The Pregnant Athlete!
Donnelly et al. 2021 (BMJ)
There is a lack of female specific research and frameworks to guide organisations in supporting and optimising female athletes, especially with the transition into motherhood.
There are many considerations necessary to support an athlete before, during and after pregnancy. The following “6 Rs” framework has been developed using a proactive rather than reactive approach to perinatal athlete management. By understanding individualised, perinatal considerations, we can educate and support female athletes in preparation for the expected whole-systems and biopsychosocial changes during and after pregnancy. This will in turn optimise a successful return to sport/exercise postpartum.
The 6 Rs Framework //
READY (pre-natal) – Ready (prepare) athlete with education about potential whole body system changes and biopsychosocial changes that can occur with the transition into pregnancy and motherhood (weight gain, pelvic floor function, perinatal mental health). The Goal of this stage is to maintain exercise throughout pregnancy, limit deconditioning, optimise post-partum recovery.
REVIEW (6-8wks post-natal) - Review (with Women’s Health Physiotherapist) and evaluate post-partum athlete to screen and address acute musculoskeletal and pelvic health rehabilitation.
RESTORE (8-16wks post-natal) - Restore physical and psychological wellbeing, prepare for structured training environments, include pelvic floor rehabilitation and other whole systems considerations.
RECONDITION (16+wks post-natal) - Recondition required physical and psychological demands- commence graded exposure to sport specific training and loading. Monitor potential symptoms as training load increases
RETURN - Return to sport following individualised, evidence based and guided exposure to competitive environments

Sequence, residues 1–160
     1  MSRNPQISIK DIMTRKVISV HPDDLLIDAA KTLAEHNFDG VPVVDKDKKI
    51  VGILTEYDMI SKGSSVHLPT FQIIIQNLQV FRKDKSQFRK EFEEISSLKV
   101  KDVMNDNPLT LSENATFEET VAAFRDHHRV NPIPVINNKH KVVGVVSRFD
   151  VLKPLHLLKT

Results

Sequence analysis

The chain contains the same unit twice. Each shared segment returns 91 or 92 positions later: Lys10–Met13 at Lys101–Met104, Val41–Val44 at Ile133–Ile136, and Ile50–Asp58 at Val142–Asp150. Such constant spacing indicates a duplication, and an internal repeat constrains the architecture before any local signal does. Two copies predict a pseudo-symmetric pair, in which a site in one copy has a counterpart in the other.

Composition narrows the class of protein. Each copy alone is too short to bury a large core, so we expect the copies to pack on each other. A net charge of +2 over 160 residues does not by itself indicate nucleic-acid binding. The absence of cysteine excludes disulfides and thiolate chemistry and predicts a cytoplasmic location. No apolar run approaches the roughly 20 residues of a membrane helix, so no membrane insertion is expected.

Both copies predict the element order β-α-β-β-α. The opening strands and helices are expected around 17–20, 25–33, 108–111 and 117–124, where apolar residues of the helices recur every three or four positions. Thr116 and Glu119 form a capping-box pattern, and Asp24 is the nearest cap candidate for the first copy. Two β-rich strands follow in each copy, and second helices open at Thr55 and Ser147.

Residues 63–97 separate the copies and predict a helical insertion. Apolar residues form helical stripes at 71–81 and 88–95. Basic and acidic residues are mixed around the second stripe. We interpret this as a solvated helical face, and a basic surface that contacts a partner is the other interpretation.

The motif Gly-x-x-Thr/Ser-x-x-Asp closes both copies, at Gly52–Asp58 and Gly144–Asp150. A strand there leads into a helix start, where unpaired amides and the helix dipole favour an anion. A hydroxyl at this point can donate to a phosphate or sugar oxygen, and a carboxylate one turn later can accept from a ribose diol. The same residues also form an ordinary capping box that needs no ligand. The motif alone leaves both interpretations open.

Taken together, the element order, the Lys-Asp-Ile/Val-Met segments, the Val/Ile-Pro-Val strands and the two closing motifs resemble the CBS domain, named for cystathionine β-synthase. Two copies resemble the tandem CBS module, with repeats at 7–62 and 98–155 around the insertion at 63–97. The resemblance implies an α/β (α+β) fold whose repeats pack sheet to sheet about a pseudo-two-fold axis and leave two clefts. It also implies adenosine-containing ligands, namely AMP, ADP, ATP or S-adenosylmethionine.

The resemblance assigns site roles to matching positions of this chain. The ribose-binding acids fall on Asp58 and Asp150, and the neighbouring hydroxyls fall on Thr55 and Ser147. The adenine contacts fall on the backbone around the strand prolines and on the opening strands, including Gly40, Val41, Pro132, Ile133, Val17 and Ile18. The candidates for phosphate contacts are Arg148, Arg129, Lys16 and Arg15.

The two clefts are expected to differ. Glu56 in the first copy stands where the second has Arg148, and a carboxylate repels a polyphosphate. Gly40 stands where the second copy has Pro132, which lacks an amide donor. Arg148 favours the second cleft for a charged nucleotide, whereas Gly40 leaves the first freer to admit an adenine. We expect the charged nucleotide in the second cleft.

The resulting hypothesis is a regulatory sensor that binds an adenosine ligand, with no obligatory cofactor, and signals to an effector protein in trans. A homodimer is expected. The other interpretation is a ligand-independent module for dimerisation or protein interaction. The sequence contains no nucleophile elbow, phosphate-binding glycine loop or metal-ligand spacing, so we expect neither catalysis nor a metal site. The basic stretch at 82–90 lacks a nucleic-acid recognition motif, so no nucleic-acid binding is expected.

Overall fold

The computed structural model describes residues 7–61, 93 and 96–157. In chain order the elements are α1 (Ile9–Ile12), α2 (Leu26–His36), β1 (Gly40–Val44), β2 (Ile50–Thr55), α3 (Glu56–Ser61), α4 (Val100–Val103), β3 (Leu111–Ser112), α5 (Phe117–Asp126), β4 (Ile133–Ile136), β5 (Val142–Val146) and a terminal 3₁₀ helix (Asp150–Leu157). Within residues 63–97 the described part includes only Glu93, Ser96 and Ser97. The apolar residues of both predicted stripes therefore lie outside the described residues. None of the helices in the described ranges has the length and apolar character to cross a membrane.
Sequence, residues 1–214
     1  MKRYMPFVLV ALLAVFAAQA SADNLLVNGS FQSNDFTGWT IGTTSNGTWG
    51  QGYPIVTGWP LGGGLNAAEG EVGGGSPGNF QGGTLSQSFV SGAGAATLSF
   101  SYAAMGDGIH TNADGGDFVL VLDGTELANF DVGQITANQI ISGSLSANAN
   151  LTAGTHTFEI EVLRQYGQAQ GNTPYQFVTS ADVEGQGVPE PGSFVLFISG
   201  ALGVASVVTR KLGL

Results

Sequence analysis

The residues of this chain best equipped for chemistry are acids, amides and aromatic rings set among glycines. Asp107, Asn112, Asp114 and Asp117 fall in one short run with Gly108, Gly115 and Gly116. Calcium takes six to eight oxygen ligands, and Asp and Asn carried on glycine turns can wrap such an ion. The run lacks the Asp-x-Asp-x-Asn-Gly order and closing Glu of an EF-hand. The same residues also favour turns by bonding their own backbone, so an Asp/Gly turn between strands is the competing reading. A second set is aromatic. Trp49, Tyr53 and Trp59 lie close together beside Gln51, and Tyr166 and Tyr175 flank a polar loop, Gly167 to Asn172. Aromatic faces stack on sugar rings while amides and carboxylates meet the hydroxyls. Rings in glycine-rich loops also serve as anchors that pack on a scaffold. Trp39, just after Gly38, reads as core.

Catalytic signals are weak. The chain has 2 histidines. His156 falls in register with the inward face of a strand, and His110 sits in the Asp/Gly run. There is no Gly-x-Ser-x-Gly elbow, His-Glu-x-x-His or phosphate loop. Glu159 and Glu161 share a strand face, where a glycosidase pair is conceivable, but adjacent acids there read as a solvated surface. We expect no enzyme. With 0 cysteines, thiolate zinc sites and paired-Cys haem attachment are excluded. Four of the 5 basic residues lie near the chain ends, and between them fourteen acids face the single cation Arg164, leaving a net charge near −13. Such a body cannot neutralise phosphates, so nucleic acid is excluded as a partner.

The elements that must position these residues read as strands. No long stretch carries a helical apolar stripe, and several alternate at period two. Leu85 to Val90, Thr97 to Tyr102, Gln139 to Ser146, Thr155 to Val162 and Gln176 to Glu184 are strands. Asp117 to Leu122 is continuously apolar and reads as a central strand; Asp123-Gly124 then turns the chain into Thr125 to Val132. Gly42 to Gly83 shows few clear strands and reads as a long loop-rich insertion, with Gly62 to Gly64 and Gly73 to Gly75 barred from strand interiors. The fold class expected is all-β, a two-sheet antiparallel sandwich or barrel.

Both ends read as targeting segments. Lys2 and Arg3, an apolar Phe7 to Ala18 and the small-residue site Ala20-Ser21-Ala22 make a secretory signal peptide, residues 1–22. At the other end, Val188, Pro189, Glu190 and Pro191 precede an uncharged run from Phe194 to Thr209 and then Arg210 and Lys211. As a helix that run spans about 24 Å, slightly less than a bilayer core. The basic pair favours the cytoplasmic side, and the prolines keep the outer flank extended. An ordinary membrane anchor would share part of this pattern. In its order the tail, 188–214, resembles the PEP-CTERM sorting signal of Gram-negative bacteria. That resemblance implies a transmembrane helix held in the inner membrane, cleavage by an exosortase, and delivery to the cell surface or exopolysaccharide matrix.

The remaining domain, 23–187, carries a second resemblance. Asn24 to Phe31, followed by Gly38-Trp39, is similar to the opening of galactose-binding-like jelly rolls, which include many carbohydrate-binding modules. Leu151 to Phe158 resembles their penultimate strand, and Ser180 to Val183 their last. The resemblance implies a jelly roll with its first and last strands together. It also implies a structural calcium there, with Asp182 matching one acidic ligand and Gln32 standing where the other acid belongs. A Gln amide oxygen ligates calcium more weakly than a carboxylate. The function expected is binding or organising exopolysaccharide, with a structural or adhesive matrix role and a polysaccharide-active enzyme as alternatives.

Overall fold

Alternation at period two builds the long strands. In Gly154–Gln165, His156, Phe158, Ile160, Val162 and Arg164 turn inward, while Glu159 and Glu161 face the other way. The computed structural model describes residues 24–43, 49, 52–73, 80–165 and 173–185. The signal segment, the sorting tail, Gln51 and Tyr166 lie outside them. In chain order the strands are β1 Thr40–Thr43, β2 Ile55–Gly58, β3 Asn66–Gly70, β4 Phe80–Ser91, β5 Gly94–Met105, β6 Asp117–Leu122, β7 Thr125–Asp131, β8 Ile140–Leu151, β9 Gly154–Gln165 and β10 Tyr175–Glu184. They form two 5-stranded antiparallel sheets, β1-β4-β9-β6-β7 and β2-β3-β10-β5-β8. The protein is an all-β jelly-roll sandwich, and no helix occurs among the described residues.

REFINE - Refine whole systems- biopsychosocial strategies (optimise sleep quality and signs of relative energy deficiency syndrome) to enhance athlete training and competition availability. To keep athlete in sport and optimise their performance
Perinatal considerations to be aware of include:
Pelvic floor: performance and exercise participation may be affected by pelvic floor dysfunction such as urinary incontinence and pelvic organ prolapse. Women have a larger pelvic outlet which requires greater support from the pelvic floor, this also leads to increased risk of structural support deficits which has risk increases from pregnancy and childbirth.
Even with the acknowledged impact of pelvic floor dysfunction on sporting performance and quality of life it is often overlooked in return to sport frameworks as the focus is to manage musculoskeletal injuries, psychological readiness, and risk of re-injury.
Having an assessment with a physiotherapist trained in women’s health can address these considerations and implement safe return to sport recommendations to ensure a successful return to sport/exercise.